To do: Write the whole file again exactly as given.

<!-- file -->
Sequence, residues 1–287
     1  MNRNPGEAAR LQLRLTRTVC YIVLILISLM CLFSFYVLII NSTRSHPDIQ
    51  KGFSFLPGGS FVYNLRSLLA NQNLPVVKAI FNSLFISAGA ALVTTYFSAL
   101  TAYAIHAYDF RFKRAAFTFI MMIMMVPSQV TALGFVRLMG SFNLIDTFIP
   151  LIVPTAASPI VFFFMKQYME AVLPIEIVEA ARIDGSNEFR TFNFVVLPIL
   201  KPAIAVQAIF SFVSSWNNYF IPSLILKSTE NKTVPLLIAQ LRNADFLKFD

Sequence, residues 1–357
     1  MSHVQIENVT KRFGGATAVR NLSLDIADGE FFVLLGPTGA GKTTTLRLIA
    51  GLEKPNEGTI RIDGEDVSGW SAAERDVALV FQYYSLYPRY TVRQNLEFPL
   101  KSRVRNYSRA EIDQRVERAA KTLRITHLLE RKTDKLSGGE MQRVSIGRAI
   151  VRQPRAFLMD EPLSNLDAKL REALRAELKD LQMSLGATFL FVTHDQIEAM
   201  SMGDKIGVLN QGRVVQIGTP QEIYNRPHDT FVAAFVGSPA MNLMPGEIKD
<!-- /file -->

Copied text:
Sequence, residues 1–287
     1  MNRNPGEAAR LQLRLTRTVC YIVLILISLM CLFSFYVLII NSTRSHPDIQ
    51  KGFSFLPGGS FVYNLRSLLA NQNLPVVKAI FNSLFISAGA ALVTTYFSAL
   101  TAYAIHAYDF RFKRAAFTFI MMIMMVPSQV TALGFVRLMG SFNLIDTFIP
   151  LIVPTAASPI VFFFMKQYME AVLPIEIVEA ARIDGSNEFR TFNFVVLPIL
   201  KPAIAVQAIF SFVSSWNNYF IPSLILKSTE NKTVPLLIAQ LRNADFLKFD

Sequence, residues 1–357
     1  MSHVQIENVT KRFGGATAVR NLSLDIADGE FFVLLGPTGA GKTTTLRLIA
    51  GLEKPNEGTI RIDGEDVSGW SAAERDVALV FQYYSLYPRY TVRQNLEFPL
   101  KSRVRNYSRA EIDQRVERAA KTLRITHLLE RKTDKLSGGE MQRVSIGRAI
   151  VRQPRAFLMD EPLSNLDAKL REALRAELKD LQMSLGATFL FVTHDQIEAM
   201  SMGDKIGVLN QGRVVQIGTP QEIYNRPHDT FVAAFVGSPA MNLMPGEIKD